Transmitting information as pulses of light through fiber-optic cables is the fastest and highest-bandwidth communications technology that exists today. Yet even this technology is being pressed to carry ever-greater quantities of information. One way to overcome this problem is to transmit light of different wavelengths simultaneously—an approach known as wavelength division multiplexing. However, the technique requires the use of tunable lasers, which are relatively expensive to produce. Hong Cai at the A*STAR Institute of Microelectronics and collaborators from Nanyang Technological University and Hong Polytechnic University have now developed a low-cost and tunable laser device made specifically for this purpose.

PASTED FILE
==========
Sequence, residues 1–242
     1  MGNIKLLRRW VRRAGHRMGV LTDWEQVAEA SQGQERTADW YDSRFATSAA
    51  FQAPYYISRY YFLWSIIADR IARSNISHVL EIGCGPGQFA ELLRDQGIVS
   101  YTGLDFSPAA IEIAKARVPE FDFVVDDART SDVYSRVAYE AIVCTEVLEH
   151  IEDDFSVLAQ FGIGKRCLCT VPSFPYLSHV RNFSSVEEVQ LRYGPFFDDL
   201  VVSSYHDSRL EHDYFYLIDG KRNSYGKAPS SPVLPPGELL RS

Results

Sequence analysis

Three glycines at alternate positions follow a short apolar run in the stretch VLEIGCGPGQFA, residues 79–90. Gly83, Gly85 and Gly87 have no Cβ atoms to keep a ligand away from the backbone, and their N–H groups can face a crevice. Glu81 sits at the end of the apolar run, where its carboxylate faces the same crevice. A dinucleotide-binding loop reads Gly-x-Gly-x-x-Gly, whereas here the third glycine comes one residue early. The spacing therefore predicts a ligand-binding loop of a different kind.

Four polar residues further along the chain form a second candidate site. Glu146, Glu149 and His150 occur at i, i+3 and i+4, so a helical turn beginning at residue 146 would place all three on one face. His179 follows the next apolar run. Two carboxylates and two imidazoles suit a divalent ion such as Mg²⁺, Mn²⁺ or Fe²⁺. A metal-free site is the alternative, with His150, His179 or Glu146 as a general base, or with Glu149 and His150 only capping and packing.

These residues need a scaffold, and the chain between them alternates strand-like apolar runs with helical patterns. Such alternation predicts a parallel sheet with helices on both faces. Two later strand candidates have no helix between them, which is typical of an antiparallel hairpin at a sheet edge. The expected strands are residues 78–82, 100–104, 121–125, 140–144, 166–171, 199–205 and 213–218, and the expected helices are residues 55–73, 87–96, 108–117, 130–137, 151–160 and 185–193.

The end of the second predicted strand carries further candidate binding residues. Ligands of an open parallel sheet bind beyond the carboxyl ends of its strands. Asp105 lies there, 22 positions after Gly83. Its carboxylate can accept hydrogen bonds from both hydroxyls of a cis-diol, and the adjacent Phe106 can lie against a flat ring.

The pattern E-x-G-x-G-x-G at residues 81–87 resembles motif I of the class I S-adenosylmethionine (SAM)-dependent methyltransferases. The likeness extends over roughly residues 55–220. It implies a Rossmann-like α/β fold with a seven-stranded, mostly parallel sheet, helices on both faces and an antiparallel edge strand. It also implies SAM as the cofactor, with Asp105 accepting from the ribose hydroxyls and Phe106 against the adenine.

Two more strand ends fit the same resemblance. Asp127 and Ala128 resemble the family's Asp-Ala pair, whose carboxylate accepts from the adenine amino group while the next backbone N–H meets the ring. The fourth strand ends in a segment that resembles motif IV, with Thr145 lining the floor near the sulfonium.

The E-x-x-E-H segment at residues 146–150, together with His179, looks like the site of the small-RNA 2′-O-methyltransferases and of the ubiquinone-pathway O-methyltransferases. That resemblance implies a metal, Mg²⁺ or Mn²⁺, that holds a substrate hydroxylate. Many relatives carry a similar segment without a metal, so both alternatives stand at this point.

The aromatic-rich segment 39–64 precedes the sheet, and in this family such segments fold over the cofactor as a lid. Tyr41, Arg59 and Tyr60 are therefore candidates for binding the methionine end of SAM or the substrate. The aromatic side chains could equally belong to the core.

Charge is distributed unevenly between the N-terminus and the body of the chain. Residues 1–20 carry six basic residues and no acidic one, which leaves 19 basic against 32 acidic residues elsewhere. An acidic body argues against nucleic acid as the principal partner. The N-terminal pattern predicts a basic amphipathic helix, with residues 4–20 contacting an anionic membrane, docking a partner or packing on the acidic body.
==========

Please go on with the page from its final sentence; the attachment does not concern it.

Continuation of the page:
Fig1: A scanning electron microscopy image of the master and slave lasers integrated onto a silicon substrate to form a miniature tunable laser.
The new laser is constructed using microelectromechanical systems (MEMS) technology to achieve wavelength tunability. By moving a tiny mirror, the laser switches between different operating modes, each of which produces a different wavelength. This tuning capability is built into a ‘master’ laser, which injects laser light into a secondary ‘slave’ laser. The slave laser increases the power of the emitted light, suppresses unwanted wavelengths, and allows for the encoding of information by modulating the light intensity. The two-part configuration surpasses the performance of conventional tunable lasers, without increasing bulk or cost.